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Origins of British-style 'afternoon tea' in Shanghai

By Yang Chunya | | Updated: 2015-03-31 13:02

Origins of British-style 'afternoon tea' in Shanghai

Black tea served in English porcelain cups. [Photo provided to]

About 170 years ago, Shanghai was opened as a trade port, and the Britain were the first to establish a settlement in the city. In November 1845, the British Consul signed the Shanghai Land Regulations with the Qing government.

The area from the Huangpu River in the east to Yang King Pang Creek in the south and Lijiachang in the north was included in the settlement. The following year a further agreement was reached that Boundary Road (now Middle Henan Road) was recognized as the western boundary.

British and Chinese residents lived in their allocated places and only foreigners were allowed to build houses within the concession. In July 1854 Britain, France and the United States forced the then governor into accepting the Second Shanghai Land Regulations jointly created by the envoys and consuls of the three countries.

With licenses issued to set up police forces, levy taxes and establish the Shanghai Municipal Council, the concession developed into "states within a state".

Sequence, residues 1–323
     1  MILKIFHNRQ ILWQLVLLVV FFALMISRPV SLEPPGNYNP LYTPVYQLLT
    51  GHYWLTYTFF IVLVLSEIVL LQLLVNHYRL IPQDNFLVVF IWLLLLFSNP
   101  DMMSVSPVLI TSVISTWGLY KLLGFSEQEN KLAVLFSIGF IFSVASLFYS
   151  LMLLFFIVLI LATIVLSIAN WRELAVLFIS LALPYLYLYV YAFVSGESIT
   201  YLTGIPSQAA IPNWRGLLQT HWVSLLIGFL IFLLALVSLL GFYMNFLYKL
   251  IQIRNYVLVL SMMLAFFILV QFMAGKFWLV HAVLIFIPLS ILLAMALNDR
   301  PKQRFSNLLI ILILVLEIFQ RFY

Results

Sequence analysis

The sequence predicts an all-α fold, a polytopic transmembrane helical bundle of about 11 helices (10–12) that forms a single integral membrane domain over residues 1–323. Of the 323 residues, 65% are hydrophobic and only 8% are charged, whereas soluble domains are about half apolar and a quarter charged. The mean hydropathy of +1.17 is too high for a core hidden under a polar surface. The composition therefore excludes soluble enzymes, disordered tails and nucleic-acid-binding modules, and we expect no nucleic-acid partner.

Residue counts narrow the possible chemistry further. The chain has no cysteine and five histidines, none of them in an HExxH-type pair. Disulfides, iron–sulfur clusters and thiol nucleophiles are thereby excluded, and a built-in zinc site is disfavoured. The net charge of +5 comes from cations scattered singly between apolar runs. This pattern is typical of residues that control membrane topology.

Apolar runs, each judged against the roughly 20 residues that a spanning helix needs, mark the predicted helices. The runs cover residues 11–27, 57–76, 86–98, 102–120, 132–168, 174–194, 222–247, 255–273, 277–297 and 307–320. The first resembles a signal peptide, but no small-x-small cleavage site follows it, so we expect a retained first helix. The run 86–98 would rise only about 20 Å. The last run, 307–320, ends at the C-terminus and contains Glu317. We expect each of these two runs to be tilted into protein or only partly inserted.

When the Small Sword Uprising broke out in 1853, a multitude of Chinese of civilians moved into the concession for protection, creating a multi-racial community.

Arriving with these foreign concessions were foreign languages, buildings, customs, cuisines . . . and "afternoon tea" was among them.

Legend has it that the custom began in the mid-1800s thanks to the British Duchess of Bedford. Around that time, kerosene lamps were introduced in wealthier homes and eating a late dinner (around 8 or 9 pm) became fashionable.

In those days there were only two meals each day - a mid-morning, breakfast-like one and an increasingly late dinner-like repast.

The story goes that the Duchess found herself with a "sinking feeling" (probably fatigue from hunger during the long gap between meals) and decided to have some friends over for assorted snacks and tea.

The idea of an afternoon tea party spread across high society and became a favorite pastime of ladies of leisure. Later, it spread beyond the highest echelons of society to become more accessible for other socioeconomic groups, just as is seen on the streets of Shanghai today.

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